Earlier this week, we learned details about a 10-year-old Afghani girl, Spozhmai Ghafar, whose older Taliban brother had allegedly outfitted her with a suicide vest and instructed her to blow up a police checkpoint. She refused and is now in protective custody. (The Taliban denies the charge.)
Now comes the story of another child, a 14- or 15-year-old in Pakistan named Aitzaz Hassan, who did die in a bomb attack — and who is thought to have saved many other children’s lives by doing so.
“My son made his mother cry, but saved hundreds of mothers from crying for their children.” These were the words spoken this week in the north-west of Pakistan by a man whose teenage son was killed as he stopped a suicide bomber entering a school.
Aitzaz Hassan, 15 [other reports say he’s 14], died in hospital after confronting the bomber who then blew himself up at the school gates in the district of Hangu on Monday. As people across Pakistan spoke out in praise of the teenager’s courage, the boy’s father returned to the country from the Middle East to offer his own tribute.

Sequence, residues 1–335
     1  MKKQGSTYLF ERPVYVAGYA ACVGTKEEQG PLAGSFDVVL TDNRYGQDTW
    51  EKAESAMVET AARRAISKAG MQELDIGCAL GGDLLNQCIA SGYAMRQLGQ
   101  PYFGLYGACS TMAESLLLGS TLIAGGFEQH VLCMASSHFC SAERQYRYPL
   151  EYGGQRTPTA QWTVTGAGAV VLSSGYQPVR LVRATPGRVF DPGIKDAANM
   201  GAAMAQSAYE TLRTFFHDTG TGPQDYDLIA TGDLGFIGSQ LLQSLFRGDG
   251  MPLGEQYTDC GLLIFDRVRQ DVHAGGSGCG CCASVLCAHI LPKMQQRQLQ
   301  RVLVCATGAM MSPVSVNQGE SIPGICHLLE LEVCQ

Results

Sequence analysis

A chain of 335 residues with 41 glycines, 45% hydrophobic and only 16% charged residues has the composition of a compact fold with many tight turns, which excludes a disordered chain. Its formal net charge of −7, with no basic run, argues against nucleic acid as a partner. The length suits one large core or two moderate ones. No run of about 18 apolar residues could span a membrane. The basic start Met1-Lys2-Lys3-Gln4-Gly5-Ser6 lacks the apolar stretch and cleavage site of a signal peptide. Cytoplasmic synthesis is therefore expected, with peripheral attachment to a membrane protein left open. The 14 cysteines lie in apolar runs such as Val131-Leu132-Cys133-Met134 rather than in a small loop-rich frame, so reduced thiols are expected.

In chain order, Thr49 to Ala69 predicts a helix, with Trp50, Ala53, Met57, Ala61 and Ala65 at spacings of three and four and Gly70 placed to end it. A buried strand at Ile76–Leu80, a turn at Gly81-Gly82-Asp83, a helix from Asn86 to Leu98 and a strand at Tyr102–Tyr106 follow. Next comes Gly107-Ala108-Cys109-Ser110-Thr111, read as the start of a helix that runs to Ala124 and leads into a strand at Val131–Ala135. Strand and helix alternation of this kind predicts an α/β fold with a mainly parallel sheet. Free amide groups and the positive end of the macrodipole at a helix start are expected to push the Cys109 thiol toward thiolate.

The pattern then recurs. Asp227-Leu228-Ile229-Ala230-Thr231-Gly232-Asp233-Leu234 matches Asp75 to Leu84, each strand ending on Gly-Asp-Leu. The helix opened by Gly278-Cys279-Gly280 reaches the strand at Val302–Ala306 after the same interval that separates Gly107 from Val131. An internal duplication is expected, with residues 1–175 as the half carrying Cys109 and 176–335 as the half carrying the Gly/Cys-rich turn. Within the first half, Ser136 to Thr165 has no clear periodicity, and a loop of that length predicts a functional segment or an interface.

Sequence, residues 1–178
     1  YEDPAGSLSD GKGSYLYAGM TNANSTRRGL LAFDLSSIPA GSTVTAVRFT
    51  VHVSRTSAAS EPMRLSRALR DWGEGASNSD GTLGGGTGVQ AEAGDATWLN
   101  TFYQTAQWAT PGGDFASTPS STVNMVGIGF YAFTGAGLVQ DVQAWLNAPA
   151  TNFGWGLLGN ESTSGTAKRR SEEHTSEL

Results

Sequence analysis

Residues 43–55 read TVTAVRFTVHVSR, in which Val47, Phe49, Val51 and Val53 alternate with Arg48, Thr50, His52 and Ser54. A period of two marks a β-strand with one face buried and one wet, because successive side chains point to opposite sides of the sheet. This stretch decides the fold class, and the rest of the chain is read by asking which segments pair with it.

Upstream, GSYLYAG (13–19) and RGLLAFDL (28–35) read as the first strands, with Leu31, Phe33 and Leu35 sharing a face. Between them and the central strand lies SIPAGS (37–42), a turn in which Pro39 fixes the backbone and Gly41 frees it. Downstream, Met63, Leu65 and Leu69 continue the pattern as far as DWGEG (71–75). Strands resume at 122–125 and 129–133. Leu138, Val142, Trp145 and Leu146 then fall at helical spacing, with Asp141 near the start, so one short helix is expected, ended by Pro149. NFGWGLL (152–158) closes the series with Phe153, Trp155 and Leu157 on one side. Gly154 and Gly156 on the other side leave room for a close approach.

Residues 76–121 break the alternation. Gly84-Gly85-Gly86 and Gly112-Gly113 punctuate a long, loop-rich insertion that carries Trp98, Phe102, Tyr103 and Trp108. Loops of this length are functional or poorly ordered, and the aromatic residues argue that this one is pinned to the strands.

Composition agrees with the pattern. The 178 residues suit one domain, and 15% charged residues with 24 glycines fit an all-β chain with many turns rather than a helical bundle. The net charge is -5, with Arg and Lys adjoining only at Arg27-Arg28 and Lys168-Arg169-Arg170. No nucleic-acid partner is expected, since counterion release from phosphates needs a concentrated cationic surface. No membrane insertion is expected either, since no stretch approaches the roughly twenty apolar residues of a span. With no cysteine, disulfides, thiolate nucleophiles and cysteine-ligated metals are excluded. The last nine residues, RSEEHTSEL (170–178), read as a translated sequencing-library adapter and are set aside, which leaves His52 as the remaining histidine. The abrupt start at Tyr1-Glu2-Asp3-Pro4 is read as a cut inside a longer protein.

“Aitzaz has made us proud by valiantly intercepting the bomber and saving the lives of hundreds of his fellow students,” 55-year-old Mujahid Ali Bangash, told the AFP news agency.
For my taste, Mr. Bangash is overdoing it just a tad with the martyrdom stuff.
“I am happy that my son has become a martyr by sacrificing his life for a noble cause,”
… AFP quotes him as saying. Happy? Is that le mot juste here? Could it be clumsy phrasing by a grieving father? Did something get lost in translation? Maybe not:
“Many people are coming to see me but if they try to express sympathy, I tell them to congratulate me instead on becoming the father of a martyr. I will be even more than happy if my second son also sacrifices his life for the country.”
If the story of Aitzaz Hassan is true, the boy is a hero, no question. But I can’t be the only one who is a little skeeved by a father so deliriously happy at the thought of his brood getting blown to smithereens.
Perhaps that’s just my cultural biases showing. Armchair anthropologists, feel free to set me straight. But right now, it seems to me that Hassan senior plays to the stereotype that in the Middle East and South East Asia, even among Muslims who want peace, Islam can still be a death cult.